The base model Outlander Sport has a 2.0 liter inline 4, which produces 148 hp and 145 lb/ft of torque. From there you have a few different choices which produce a low amount of power for a car of this class and generate adequate, though far from class-leading, fuel economy. The standard five-speed manual transmission, front-wheel drive clocks up 25 mpg in the city and 29 mpg highway. The other option is Mitsubishi’s latest version of their CVT8 (continuously variable transmission) available in both front wheel drive, and all-wheel drive, each of which comes in at the EPA rated at 24/30 and 23/29 MPG, respectively. New to the Outlander Sport this year is the more powerful, 2.4 liters in-line 4, upping power outage to 168hp and 167 lb-ft of torque. Unlike the base engine, the 2.4 liter only comes with the CVT8 system but does still give you the option of front or all-wheel drive. The AWD, CVT8 has the worst mileage performance of the lot at 22/27 mpg, but this is nonetheless in line with other crossovers in this price range.
The 2018 Outlander Sport comes in three different trims, and higher ones have a significant difference from both the base trim and previous generations. The base level ES and is the only one that comes with the 2.0-liter engine but contains standard features such as 18-inch wheels, automatic climate control, four-speaker audio system and Bluetooth connectivity. It may not be a revolutionary list, but it’s pretty good for $21,000. The next level trim is the SE with the 2.4-liter engine and standard CVT, an upgraded audio system, a 7.0-inch touchscreen with Apple CarPlay and Android Auto integration. The SE package also comes with heated front seats, fog light, and keyless ignition, as well as soft touch materials in the cabin (although there is still a healthy dose of plastic inside). The highest tier is the SEL which will get you leather seats with power adjustment for the driver, rain-sensing windshield wipers, automatic headlights and paddle shifters on the CVT system. The SEL trim also offers the optional Touring Package, adding advanced safety features, an upgraded stereo system, and a panoramic sunroof. If you decide that you do want it all, it’ll only set you back a very reputable $31,000, which no other crossover on the market can touch. There is a reason why the Outlander is Mitsubishi’s best selling model.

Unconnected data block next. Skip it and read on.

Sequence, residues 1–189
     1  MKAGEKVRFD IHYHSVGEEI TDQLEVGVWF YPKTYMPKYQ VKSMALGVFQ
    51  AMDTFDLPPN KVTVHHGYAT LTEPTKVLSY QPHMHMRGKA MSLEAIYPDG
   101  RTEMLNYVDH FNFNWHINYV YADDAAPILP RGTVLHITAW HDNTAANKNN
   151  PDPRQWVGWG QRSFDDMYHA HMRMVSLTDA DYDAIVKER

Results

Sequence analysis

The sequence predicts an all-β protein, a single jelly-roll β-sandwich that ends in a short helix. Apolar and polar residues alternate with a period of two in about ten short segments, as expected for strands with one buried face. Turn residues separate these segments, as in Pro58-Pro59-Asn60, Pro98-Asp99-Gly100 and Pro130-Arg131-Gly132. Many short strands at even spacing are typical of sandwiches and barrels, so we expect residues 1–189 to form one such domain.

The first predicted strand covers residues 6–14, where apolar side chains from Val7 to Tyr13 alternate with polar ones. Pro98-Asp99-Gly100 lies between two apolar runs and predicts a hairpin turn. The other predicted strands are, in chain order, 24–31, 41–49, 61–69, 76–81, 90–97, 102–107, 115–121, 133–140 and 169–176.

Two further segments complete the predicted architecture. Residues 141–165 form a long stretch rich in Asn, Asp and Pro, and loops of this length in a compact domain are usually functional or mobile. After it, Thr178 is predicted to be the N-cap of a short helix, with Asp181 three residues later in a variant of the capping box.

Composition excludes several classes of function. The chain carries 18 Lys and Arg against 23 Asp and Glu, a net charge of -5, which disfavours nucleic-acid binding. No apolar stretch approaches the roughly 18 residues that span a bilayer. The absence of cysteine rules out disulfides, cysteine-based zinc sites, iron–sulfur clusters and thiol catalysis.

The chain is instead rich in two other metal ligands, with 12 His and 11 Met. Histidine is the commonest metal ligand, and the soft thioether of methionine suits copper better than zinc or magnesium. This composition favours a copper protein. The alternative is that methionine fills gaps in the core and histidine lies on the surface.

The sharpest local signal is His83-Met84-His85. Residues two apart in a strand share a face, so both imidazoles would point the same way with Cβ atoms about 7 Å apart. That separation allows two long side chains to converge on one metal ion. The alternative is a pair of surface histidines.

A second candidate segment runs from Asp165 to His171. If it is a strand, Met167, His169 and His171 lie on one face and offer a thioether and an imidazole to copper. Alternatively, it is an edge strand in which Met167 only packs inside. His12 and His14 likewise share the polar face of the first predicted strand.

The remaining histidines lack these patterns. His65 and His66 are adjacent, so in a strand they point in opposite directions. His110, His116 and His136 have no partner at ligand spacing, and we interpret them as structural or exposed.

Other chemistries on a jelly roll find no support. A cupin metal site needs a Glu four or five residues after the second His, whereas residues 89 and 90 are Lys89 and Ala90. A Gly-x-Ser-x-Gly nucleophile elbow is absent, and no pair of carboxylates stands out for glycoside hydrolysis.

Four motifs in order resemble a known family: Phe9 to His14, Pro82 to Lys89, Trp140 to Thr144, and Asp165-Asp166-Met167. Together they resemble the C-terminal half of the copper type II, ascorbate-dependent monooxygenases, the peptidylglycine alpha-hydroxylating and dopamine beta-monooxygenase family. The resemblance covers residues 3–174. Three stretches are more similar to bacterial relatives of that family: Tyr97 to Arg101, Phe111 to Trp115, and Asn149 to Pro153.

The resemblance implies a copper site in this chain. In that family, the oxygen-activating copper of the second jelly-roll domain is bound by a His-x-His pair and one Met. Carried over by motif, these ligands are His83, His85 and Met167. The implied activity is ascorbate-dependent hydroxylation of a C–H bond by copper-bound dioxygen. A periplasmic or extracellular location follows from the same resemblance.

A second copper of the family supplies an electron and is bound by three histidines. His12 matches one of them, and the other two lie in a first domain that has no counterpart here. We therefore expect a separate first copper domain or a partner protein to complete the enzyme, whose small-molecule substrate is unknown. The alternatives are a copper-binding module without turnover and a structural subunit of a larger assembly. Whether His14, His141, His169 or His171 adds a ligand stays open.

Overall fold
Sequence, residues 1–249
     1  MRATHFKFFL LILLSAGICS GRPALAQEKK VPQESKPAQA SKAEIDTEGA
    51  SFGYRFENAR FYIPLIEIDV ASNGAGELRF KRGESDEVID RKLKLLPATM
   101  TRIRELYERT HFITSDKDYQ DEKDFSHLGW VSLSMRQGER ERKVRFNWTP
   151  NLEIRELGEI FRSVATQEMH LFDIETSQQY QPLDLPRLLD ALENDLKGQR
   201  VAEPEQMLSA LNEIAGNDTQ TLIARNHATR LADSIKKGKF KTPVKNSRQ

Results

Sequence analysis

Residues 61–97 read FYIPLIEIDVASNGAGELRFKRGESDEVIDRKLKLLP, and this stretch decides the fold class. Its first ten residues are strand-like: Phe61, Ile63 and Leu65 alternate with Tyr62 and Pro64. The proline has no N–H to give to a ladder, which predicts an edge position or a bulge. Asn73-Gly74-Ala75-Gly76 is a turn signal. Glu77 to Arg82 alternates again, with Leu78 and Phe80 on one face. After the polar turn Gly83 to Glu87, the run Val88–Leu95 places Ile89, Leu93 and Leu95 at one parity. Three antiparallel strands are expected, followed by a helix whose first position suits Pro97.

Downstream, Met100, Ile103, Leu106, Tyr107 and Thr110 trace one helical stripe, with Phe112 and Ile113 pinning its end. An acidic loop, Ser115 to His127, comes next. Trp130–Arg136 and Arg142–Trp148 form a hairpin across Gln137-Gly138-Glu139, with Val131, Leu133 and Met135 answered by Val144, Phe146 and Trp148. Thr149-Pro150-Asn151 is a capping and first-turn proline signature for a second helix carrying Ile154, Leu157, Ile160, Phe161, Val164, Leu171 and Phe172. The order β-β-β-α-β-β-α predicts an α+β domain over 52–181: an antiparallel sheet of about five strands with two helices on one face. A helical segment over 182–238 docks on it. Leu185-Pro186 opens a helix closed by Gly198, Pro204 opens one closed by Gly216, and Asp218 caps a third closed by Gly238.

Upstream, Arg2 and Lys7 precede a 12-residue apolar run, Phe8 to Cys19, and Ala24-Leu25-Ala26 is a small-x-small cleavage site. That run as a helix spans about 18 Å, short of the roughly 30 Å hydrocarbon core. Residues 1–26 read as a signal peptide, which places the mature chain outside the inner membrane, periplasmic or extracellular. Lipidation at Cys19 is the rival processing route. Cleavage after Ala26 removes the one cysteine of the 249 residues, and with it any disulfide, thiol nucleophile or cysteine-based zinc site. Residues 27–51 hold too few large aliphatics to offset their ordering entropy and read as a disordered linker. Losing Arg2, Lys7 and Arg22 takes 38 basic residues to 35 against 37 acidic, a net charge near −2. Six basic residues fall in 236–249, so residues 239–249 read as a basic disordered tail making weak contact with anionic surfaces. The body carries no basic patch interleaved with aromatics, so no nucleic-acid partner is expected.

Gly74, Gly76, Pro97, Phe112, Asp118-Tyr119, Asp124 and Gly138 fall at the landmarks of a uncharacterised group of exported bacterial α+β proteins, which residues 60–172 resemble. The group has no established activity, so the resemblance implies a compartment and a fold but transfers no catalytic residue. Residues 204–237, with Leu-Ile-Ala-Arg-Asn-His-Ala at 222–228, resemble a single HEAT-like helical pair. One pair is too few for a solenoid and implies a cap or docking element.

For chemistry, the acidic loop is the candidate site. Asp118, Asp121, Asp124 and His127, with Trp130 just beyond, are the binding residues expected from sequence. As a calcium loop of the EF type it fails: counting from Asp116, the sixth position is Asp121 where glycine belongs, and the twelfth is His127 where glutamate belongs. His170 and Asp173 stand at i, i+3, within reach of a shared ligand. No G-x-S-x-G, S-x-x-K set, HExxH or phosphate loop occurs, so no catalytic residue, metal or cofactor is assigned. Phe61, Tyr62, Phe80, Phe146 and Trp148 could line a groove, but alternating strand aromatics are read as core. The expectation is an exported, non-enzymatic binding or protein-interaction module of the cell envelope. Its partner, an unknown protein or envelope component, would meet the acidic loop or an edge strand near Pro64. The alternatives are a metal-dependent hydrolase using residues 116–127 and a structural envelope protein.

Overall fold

Previous incarnations of the Outlander Sport were not known for drive quality or speed, but the 2018 version does its best to change all of that. Its offline speed has been dramatically improved, going 0-60 mph in 8.5 seconds. Because of the offline kick, it feels faster than that, though the weight coupled with the low horsepower evens out the 2.4-liter engine before you can get too crazy. On the highway, full throttle has enough power to pass with ease. Not only is this the fastest version of the Sport to date but it’s faster than its rivals the Jeep Wrangler and Honda HR-V: neither of those models is particularly known as speed demons, but for the price, the Outlander makes its point. Handling is strong and stable with no rolling in the corners, producing a smooth and comfortable ride. Lane Assist works well, and the 2018 model also includes anti-lock brakes, traction control, stability control, hill start assist, electronic brake force distribution, and front and side curtain airbags. That’s a good amount of safety features for an SUV crossover, and it retains its high rating as a result. Should there be a problem, Mitsubishi offers one of the longest warranties on the market at five years or 60,000 miles, a clear sign of faith in the 2018 Outlander Sport.